“How the menstrual cycle can affect training is in general an unexplored research area,” says Lisbeth Wikström-Frisén, who is a doctoral student at the Department of Community Medicine and Rehabilitation and author of the dissertation.
"As most sports-related research has been performed on male participants, there are on the whole not much scientific knowledge of how women can optimise their training based upon the hormone cycle.”
Lisbeth Wikström-Frisén’s objective with the study on training, where 59 women participated in a four-month leg resistance training programme, was to increase knowledge on how women can train based upon their menstrual cycle and hence get better effects from the training without increasing the number of training sessions. The results show that the group who underwent high frequency leg resistance training (five times per week) for the first two weeks of each cycle, saw a larger effect than the group who underwent the same training programme for the latter two weeks of the menstrual cycle. A comparison in effect between women taking birth control pills and those who did not take any hormone-based birth control showed no noticeable differences.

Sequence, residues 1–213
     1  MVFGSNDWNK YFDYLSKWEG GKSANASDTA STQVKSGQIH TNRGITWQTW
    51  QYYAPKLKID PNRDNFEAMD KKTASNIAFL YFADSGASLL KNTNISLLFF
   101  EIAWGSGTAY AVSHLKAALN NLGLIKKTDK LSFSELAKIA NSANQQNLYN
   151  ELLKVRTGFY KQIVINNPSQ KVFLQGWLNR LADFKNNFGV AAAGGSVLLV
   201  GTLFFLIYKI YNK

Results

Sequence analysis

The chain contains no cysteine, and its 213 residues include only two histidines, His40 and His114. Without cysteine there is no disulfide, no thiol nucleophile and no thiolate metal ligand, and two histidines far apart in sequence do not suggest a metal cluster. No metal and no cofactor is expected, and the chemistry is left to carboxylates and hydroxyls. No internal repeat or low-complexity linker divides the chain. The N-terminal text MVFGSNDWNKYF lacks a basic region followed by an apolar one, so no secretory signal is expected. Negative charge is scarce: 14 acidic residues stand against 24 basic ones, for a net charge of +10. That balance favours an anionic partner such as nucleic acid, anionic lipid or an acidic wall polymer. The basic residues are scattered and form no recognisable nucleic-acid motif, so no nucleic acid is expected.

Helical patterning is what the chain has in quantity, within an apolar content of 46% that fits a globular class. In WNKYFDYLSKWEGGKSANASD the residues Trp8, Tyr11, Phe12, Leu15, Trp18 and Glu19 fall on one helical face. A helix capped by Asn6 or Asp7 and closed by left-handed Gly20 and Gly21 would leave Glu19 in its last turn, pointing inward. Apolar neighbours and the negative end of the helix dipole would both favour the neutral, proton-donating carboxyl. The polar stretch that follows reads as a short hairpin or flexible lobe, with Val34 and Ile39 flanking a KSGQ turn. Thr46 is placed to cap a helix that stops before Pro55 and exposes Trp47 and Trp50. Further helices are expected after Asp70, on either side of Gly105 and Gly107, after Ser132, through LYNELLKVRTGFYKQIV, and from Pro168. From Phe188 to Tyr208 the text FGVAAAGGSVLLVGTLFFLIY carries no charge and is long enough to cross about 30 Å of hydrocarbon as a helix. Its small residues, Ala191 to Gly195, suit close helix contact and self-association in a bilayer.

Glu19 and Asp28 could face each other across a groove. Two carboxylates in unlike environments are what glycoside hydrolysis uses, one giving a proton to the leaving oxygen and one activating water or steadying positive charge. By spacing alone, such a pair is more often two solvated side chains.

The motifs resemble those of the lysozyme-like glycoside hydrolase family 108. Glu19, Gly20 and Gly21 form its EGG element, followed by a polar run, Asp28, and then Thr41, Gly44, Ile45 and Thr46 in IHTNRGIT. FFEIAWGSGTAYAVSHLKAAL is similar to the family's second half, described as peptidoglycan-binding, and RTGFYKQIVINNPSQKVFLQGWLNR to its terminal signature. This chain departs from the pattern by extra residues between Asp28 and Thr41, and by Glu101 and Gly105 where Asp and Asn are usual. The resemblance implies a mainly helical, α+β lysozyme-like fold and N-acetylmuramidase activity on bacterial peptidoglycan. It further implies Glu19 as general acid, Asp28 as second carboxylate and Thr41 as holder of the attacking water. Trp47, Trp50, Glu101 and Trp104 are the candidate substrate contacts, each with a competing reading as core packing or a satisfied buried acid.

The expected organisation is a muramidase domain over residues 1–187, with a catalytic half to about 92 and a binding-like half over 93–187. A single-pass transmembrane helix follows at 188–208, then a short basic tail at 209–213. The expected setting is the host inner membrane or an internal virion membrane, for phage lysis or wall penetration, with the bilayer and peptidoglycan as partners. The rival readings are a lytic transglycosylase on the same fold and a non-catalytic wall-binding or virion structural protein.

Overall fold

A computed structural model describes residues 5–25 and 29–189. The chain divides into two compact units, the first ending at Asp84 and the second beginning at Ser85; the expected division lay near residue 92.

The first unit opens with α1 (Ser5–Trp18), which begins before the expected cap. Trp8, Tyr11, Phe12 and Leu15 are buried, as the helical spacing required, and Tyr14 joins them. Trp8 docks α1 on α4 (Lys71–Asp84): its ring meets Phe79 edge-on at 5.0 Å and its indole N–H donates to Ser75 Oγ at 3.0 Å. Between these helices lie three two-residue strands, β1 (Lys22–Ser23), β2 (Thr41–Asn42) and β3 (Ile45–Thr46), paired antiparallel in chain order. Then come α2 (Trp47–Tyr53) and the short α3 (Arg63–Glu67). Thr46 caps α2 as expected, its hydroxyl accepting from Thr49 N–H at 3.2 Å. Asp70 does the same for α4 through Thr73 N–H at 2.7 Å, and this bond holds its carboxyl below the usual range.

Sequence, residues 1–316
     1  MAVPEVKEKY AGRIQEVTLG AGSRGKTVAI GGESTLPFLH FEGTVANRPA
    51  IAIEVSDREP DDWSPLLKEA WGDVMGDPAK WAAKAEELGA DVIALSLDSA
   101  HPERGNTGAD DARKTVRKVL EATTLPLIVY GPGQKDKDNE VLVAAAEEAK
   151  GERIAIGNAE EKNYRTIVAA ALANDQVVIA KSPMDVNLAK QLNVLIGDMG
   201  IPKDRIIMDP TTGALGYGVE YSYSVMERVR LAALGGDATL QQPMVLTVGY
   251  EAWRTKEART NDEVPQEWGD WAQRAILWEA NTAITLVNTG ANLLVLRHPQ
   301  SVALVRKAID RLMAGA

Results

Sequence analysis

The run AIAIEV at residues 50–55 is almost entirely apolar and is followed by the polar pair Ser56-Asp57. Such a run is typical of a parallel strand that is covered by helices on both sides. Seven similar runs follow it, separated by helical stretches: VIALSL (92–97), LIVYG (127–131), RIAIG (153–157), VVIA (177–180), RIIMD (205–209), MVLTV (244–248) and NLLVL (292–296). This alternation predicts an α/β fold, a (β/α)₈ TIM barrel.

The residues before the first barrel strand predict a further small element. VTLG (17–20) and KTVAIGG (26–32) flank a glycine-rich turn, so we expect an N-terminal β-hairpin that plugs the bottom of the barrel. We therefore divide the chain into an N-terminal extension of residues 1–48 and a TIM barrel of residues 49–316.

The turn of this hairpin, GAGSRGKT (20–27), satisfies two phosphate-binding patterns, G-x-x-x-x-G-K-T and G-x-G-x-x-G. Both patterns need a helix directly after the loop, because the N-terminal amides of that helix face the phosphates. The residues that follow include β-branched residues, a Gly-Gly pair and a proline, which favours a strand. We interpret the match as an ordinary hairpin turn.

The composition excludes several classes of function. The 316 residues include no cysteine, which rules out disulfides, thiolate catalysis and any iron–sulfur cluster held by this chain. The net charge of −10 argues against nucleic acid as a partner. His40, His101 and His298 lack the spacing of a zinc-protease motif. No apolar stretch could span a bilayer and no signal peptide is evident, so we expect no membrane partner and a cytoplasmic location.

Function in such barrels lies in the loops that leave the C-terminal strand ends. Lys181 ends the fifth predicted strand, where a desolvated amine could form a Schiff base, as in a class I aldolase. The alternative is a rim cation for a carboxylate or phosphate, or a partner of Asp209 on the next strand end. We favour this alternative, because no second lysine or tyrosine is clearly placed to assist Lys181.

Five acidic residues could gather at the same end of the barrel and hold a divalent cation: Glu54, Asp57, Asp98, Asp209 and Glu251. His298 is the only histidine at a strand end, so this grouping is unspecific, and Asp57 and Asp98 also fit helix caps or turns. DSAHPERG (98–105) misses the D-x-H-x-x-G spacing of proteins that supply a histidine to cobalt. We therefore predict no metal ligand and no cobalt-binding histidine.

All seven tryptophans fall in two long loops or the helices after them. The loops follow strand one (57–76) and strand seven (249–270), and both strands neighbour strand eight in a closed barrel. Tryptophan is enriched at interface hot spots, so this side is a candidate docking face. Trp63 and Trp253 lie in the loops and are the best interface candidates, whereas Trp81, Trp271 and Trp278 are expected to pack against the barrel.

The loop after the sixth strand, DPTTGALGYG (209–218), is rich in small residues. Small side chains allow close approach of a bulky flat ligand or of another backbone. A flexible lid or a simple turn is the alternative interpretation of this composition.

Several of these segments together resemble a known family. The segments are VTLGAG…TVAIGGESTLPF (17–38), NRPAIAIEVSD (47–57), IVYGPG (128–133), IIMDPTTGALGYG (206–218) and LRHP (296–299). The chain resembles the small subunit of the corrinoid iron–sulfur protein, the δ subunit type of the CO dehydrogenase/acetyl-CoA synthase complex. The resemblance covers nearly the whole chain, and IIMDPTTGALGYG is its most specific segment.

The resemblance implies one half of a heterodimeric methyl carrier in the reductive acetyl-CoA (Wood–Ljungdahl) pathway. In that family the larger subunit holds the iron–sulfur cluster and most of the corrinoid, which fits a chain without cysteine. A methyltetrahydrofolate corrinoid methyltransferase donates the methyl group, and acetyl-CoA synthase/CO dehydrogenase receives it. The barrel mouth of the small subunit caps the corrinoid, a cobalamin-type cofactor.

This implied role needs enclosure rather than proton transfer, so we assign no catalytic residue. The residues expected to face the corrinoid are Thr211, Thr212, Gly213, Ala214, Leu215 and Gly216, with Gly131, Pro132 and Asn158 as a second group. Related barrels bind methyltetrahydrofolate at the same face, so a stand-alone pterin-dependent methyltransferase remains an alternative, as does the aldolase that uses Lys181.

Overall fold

Periodised resistance training could have positive effects and may contribute to reducing the development of female-specific health risks that excessive training can cause. It is also necessary to find out how women respond to training to further increase athletic performance in competitive sports.
“Since menstruation is a central part in everyday life for women and their training, we need to become better at taking this into account when optimising training,” says Lisbeth Wikström-Frisén.
Stress hormone cortisol an uncertain marker of overtraining
Together with her research colleagues at the Unit of Sports Medicine, Lisbeth Wikström-Frisén has as part of her dissertation also studied cortisol levels in 33 participants for a nine month period. The results showed that levels of the stress hormone varied depending on season, but that women who took birth control pills generally showed higher levels.
“The varying levels of cortisol are of importance when optimising training for women. If we measure cortisol levels of women who are on the pill and find increased values, it could easily be interpreted as if they are overtrained, but that’s not necessarily the case according to our research results,” says Lisbeth Wikström-Frisén.
Source: Umeå universitet